Park Hill 2022

To begin at the beginning.

Park Hill was previously the site of back to back housing, a mixture of two and three storey tenement buildings, open ground, quarries and steep ginnels connecting the homes.

Picture Sheffield

John Rennie, the city’s Medical Officer of Health, concluded:

The dwelling houses in the area are by reason of disrepair or sanitary defects unfit for human habitation, or are by reason of their bad arrangement, or the narrowness or bad arrangement of the streets, dangerous or injurious to the health of the inhabitants of the area.

Following the war it was decided that a radical scheme needed to be introduced to deal with rehousing the Park Hill community. To that end, architects Jack Lynn and Ivor Smith under the supervision of J L Womersley, Sheffield Council’s City Architect, began work in 1953 designing the Park Hill Flats.

 Park Hill Part One was officially opened by Hugh Gaitskell, MP and Leader of the Opposition, on 16 June 1961.

Following the ethos of Le Corbusier’s Unité d’habitation.

The development integrated playgrounds, schools, shops and pubs into the scheme.

Riba Pix

Picture Sheffield

Government restrictions on how potential tenants were allocated to flats, the limitations of the building’s fabric which decayed when not maintained, poor noise insulation and issues with resident security caused their popularity to wane.  For many years, the council found it difficult to find tenants for the flats.

Despite the problems, the complex remained structurally sound, it was controversially Grade II* listed in 1998 – making it the largest listed building in Europe. A part-privatisation scheme by the developer Urban Splash in partnership with English Heritage to turn the flats into upmarket apartments, business units and social housing is now underway.


I first visited the then almost uninhabited site some years ago – meeting the handful of remaining residents.

Mark – “Why are all these photographers coming here from Manchester?”

Chatted with Billy the lone cleaner.

The majority of the site was tinned up and secured in an insecure fashion.

My thanks to all those happy souls who braved the cold winds, sunshine and threat of snow on Sunday 28th October 2018 as part of the Sheffield Modern Weekend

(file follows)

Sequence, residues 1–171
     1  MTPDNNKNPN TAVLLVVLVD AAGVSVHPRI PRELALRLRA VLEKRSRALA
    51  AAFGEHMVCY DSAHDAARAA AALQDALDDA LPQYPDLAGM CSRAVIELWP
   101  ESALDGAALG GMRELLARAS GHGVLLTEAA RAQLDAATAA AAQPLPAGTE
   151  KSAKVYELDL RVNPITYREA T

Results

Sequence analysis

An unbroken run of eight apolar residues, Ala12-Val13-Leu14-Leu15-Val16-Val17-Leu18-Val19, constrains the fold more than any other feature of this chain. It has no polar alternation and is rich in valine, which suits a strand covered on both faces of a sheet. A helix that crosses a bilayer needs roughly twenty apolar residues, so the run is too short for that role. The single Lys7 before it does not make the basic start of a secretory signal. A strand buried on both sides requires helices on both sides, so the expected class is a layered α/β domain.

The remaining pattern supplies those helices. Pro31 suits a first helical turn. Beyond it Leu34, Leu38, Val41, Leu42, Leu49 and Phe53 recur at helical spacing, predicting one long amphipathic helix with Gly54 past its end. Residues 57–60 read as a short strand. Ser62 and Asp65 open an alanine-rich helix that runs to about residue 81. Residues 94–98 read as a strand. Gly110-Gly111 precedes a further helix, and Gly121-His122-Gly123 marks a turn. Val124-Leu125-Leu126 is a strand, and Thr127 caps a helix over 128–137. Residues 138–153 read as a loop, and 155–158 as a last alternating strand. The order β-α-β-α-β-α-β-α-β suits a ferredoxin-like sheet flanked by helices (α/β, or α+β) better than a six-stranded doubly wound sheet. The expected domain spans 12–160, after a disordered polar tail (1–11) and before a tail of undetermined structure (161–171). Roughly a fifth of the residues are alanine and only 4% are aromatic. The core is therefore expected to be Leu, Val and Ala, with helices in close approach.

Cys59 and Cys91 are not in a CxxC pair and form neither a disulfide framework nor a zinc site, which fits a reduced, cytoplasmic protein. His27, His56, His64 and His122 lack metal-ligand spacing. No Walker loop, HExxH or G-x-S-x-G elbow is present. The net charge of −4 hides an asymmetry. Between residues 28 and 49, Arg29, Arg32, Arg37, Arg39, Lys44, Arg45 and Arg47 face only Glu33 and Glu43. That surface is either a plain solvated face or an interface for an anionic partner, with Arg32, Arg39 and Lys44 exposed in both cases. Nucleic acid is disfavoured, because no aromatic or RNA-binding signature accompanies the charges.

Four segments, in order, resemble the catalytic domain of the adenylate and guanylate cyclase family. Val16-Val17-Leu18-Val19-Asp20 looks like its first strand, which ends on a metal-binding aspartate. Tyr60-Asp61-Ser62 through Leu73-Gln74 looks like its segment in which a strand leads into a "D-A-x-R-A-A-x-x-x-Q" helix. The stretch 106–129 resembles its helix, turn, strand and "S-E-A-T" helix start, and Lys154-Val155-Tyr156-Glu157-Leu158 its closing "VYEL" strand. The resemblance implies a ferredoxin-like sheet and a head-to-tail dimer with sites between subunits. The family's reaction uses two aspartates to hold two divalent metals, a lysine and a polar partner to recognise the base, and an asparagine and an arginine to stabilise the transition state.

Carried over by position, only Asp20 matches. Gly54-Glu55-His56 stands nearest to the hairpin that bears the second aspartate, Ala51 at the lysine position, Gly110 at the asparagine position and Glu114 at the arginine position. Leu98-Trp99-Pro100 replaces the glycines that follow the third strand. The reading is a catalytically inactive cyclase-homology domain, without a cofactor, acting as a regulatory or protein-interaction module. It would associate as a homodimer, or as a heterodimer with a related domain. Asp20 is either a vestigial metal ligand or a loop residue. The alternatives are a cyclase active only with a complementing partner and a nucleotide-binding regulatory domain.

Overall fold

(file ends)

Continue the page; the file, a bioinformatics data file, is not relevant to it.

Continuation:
Sharing ideas, memories and animated conversation, as we circumnavigated the fenced perimeter of Europe’s largest listed structure, in search of a personal photographic response to the site.

Subsequently I have lead tours of the site under construction at the behest of Urban Splash, in conjunction with Falconer Associates and the Modernist Society.

Observing the site’s transformation first hand.

October 2019

Following the hiatus caused by the Covid epidemic, building work has recommenced.

It’s joy to return and view the developments that are taking place – a structure that seemed doomed returning to life, providing new homes within a unique architectural experiment, which continues to evolve.

Each stage designed by a team of architects willing and able to link the wealth of heritage to new possibilities.

Urban Splash appointed architects Hawkins\Brown and urban designers Studio Egret West for the renovation of Phase One.

The first businesses and residents moved in during 2013. This phase includes 260 homes – of which 96 are affordable homes and 28 shared equity homes on the Government Help to Buy scheme.

Stirling Prize winning architects Mikhail Riches were appointed to undertake the new designs for Phase Two. Demand has been high for the one, two and three homes that also include three two bedroom townhouses.

Phase Three is unique student accommodation with the block being configured into four and eight bed townhouses, two and four bed apartments and classic studios for 356 students. The development partner is the Alumno Group and Places for People who have named it Béton House.

It’s May 2022 time to take a post Covid look at work in progress.

Highlight of any tour is the sight of the restored mosaic which adorned The Parkway pub – my heart literally leaped with joy.

The palette of the mosaic forms the colour coding of the development’s colour coding.

The last word goes to Mr Tom Bloxham:

We were the only ones stupid enough to take it on.

So says Tom Bloxham, the founder of Urban Splash.

He is sitting in the vegan cafe that now occupies one of Park Hill’s ground floor commercial units, dressed in a black Prada x Adidas tracksuit, with a matching hat.

When I first looked at the place online, I thought: F*ck*ng h*ll, that looks like a disaster. From the outside, it looked really crap. But as you get inside it, you see there is this object of beauty.

The Guardian

2 thoughts on “Park Hill 2022

  1. Thank you Steve, I’ve really appreciated this visual update. I was around when Splash made their first site visits. The phased schemes have always had critics, but I believe the end result will be a notable success.


  2. You are more than welcome, obviously the US involvement has its detractors, but the alternative would have been stasis and entropy.


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